Defendant's motion for a directed verdict at the close of all the evidence, stating reasons, was overruled.

If plaintiff failed to make a case on the submitted charge of negligence plaintiff was not prejudiced by the alleged trial errors and the motion for new trial should have been overruled. Smith v. St. Louis Public Serv. Co., 364 Mo. 104, 259 S.W.2d 692, 694 [2, 3]; Rose v. Thompson, 346 Mo. 395, 141 S.W.2d 824, 828 [3].

Plaintiff was struck by defendant's bus at the intersection of Newstead avenue and Lindell boulevard in the city of St. Louis, about 4:30 p. m. May 28, 1956. Newstead is a north-south street, 36 feet wide. Lindell is an east-west street, 60 feet wide, with six traffic lanes marked by white lines. The first line is 10 feet south of the north curb of Lindell.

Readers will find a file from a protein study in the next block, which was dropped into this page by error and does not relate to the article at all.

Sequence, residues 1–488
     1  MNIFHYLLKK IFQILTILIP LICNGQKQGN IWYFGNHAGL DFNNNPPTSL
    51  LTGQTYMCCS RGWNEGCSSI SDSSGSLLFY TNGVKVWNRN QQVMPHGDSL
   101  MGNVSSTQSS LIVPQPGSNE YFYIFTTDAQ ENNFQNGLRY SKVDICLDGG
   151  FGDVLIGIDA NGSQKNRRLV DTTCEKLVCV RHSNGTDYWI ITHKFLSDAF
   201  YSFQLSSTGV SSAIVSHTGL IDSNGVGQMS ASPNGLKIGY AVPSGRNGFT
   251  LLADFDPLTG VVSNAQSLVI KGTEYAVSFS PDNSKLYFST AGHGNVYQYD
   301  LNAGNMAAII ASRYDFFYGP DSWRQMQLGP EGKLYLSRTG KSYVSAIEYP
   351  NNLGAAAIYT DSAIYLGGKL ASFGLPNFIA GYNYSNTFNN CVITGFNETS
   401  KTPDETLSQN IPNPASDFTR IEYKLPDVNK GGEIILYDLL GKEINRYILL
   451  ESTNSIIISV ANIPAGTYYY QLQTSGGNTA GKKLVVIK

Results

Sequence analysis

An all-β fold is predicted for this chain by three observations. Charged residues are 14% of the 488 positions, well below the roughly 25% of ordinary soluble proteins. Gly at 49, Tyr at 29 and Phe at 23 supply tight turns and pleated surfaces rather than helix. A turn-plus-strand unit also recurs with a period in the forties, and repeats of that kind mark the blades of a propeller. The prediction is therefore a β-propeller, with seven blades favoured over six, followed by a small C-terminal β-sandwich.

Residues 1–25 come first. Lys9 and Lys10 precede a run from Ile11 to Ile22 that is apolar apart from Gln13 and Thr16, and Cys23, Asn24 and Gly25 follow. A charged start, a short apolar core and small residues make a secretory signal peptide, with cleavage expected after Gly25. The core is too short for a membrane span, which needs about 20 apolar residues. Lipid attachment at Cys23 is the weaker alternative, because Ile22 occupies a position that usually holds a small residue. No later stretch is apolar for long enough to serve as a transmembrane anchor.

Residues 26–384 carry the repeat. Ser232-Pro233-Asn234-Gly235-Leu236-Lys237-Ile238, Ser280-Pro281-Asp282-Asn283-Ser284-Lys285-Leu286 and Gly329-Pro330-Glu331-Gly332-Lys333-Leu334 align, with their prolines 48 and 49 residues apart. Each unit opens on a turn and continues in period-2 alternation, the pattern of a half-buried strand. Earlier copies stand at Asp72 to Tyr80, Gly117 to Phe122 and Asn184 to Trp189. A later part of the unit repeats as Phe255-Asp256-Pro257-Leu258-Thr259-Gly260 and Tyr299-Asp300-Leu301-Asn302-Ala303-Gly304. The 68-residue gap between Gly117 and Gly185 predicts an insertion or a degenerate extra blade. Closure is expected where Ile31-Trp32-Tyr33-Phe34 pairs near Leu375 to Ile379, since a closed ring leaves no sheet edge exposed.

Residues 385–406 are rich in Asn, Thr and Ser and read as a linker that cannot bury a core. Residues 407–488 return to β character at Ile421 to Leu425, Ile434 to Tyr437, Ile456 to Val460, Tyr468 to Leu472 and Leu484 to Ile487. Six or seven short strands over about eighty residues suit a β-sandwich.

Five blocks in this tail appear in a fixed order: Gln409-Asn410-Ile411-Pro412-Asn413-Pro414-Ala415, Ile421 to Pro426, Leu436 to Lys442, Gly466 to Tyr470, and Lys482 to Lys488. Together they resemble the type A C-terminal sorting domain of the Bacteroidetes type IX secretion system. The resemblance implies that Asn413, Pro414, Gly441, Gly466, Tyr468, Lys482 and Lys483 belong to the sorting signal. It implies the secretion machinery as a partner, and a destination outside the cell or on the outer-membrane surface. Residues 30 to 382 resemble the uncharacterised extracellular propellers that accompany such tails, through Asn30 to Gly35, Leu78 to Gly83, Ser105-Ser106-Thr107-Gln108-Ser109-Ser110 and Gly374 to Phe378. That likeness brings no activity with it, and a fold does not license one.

Plaintiff had no physical disability. She was employed as a chore woman at a nursing home. She was walking, at a normal gait, south in the cross-walk, marked by brass knobs, on Lindell about 4 feet west of the west curb, if extended, of Newstead. It was raining, a "misty rain." She was holding a newspaper above her head, but it was not down over her eyes in any way. She described the occurrence on direct examination as follows: "A. Well, I approached Lindell about five or six feet, and I looked across Lindell at the light and the light was green, and I walked, walked on and just hesitated just about a second, just long enough to see where I was stepping, and I walked on out *496 in Lindell about seven or eight feet, and I heard a sound, I heard a horn, and just as I heard a horn, it hit, all the same time." She said the portion of the bus striking her was just a little to the right of the center.